Post Road Magazine #20

Letters on Space and Hands

Adam Day

The index finger is not the finger for pointing, something
which is dangerous, like the odor of raisins drying
on a wicker tray. But it is the finger for tasting
sauces and sucking; it is the finger for eating. The only piece

of furniture for which Carre-Benoit felt real affection was his solid
oak filing cabinet, which he contemplated with intestinal

satisfaction whenever he passed it, especially after he found the maid
used it to store mustard, fruit salts and redcurrants, tins

of dried onions, parsnips, coffee and lentils. In time of mourning
men make their salutations as though they were women, presenting
the right hand which covers and conceals the left, and burial
grounds are scattered with snail shells—an allegory

of a grave in which man will awaken, everything breathe again, the tablecloths
whiten.
When one is to be punished like the miller, the wind thief,
making flour from storms and knots of manure, one uncovers the right
shoulder, revealing its odd constitution of freckles, and when one

attends a joyful ceremony, the stove roaring in evening stillness below
the attic's bare rafters, and the linnet's nest of eight pinkish-gray eggs
,
one uncovers the left shoulder. It is by giving the leash
that possession is transferred, so goats, horses, dogs, and prisoners

of war must be presented on one while you force yourself not to
be too much attracted to the out-of-doors
. The goat and horse
are inoffensive so may be given with the right hand after
it has picked the dust from the cracks in the floor with a pin. The dog

or prisoner (whose left ear must be taken) may attack, so the leash
is given—behind dark curtains or within the clotted darkness
of the cellar's buried walls—with the left hand to keep the right
hand ready for defense. On the other hand, when swearing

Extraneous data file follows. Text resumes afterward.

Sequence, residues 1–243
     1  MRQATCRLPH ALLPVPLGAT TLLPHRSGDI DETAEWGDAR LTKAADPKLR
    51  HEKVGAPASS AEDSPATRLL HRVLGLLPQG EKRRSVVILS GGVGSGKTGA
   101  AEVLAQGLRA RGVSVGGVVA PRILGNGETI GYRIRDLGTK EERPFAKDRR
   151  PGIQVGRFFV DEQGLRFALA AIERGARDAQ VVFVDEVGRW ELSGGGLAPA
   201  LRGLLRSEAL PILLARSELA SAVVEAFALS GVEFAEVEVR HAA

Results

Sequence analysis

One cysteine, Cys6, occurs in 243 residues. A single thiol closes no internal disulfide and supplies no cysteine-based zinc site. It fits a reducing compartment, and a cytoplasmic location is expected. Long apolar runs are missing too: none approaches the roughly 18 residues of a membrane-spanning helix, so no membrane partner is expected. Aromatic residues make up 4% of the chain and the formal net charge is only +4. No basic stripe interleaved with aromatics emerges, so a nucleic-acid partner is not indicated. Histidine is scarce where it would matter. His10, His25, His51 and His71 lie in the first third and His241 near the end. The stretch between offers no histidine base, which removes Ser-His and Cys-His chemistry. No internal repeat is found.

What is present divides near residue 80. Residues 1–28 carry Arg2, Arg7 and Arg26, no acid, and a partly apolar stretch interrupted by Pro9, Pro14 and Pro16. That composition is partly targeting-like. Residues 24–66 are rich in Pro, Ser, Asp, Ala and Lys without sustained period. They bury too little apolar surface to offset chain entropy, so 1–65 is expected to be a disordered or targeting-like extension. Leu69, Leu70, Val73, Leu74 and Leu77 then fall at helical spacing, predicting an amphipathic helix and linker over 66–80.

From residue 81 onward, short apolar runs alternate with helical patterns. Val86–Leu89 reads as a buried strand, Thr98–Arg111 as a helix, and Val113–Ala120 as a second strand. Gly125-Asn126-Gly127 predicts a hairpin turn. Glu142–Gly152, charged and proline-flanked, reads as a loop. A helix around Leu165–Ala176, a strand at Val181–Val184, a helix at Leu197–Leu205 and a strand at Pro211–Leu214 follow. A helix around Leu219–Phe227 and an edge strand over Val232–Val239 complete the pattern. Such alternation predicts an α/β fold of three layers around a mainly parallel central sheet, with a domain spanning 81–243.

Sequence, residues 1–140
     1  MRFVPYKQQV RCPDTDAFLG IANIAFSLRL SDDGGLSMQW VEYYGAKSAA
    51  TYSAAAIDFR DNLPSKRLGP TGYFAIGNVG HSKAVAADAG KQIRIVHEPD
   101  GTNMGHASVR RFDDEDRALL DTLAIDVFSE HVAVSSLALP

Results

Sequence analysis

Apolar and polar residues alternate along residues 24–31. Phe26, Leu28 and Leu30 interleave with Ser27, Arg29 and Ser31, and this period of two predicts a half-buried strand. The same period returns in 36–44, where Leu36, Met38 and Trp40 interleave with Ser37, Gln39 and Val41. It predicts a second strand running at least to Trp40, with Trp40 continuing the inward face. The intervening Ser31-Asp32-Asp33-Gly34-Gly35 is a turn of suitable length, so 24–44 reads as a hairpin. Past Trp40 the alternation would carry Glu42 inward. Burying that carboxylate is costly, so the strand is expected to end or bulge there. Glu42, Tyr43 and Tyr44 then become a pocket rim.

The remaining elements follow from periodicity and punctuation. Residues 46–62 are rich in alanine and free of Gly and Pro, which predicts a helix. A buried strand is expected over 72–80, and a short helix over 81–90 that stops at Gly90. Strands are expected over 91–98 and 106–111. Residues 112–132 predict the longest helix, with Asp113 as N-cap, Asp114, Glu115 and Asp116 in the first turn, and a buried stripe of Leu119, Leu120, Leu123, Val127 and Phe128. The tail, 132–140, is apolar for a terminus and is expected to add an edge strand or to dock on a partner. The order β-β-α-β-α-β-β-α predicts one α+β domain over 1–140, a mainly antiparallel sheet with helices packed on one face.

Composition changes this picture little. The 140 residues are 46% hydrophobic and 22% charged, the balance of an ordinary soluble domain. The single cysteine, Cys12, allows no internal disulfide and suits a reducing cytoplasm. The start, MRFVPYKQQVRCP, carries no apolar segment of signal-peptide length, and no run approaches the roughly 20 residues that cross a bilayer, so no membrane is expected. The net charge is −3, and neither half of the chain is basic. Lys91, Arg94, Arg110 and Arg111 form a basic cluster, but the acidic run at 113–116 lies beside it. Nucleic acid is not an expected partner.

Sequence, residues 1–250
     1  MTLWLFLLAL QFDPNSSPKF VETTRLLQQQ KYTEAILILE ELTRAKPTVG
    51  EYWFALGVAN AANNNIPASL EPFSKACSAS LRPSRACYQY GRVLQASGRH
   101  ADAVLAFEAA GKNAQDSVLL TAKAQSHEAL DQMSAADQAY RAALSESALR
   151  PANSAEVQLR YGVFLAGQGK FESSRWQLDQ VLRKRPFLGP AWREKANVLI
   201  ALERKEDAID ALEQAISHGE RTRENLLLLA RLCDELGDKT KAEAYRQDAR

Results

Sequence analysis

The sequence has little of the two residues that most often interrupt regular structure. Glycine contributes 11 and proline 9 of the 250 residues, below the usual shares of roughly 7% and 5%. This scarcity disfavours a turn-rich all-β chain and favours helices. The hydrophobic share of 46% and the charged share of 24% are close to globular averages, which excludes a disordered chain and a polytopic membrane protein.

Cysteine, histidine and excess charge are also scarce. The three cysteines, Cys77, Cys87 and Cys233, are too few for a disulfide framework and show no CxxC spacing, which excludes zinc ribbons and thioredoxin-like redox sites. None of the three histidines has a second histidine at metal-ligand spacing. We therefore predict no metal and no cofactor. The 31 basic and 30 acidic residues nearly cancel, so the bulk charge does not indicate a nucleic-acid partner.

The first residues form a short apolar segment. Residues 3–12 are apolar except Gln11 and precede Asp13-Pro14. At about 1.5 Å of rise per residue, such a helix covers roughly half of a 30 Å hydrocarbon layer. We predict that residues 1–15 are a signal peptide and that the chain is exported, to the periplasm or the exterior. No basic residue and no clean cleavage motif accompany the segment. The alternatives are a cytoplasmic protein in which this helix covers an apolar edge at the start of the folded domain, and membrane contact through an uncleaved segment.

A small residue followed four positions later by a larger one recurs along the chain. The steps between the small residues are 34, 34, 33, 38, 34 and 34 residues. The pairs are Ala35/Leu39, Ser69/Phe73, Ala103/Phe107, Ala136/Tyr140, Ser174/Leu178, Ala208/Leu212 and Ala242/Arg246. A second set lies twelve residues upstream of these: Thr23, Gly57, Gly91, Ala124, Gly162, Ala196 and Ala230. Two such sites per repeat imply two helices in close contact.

an oath, a bit of blood must be taken from close
to the left ear of the oath-taker, listening to red sleeves wear out
their color
, and used to anoint the lips and sniffed.


*This poem owes a great deal to Marcel Granet and Gaston Bachelard.

Hamal


Al-Shati

Adam Day
when he was born he opened his eyes
and ass to the sea;

pares nails; pumps the priming
button on the outboard

Ibn Il-Kelb: son of a bitch; so often
his own tongue teaches him new things

he rinses his arms, feet and face
with seawater; pocketful of almonds

shrimp trawlers spew black plumes,
cantilevers clanking on the chop and swell

here if you break a bone you're done;
those aren't quite hands the bats have

the fish are beautiful; moonlight spills
a rainbow across their silver skin



we walk through green wetwhite goose
shit, pass butchers' racks: lamb flanks, hog's heads

a small shack humid with horse piss
and fish; dirty fingernails of dirty hands

I wear another man's clothes in
another man's country

offshore freighters ride at anchor
he washes his wrinkled feet, and I mine
picks small pieces of fish off the bone for me
as if I were an uncle; we wipe our lips with torn paper



gunwaled again, nets cast, tea drunk under
the Hyades; I realized people are not stones

I am uncomfortable with what I know
honestly I am uncomfortable with his teeth

and the dread of the books on my shelves
at home; what they're capable of, Hamal

a long time he's wondered how he might do it:
unhinge the wrist where it wrinkles and let go

on the wet bank the not old dog's body, sandwich
wrappers, green glass bottles throbbing in sunlight


*This poem owes a debt of gratitude to Elliott D. Woods.

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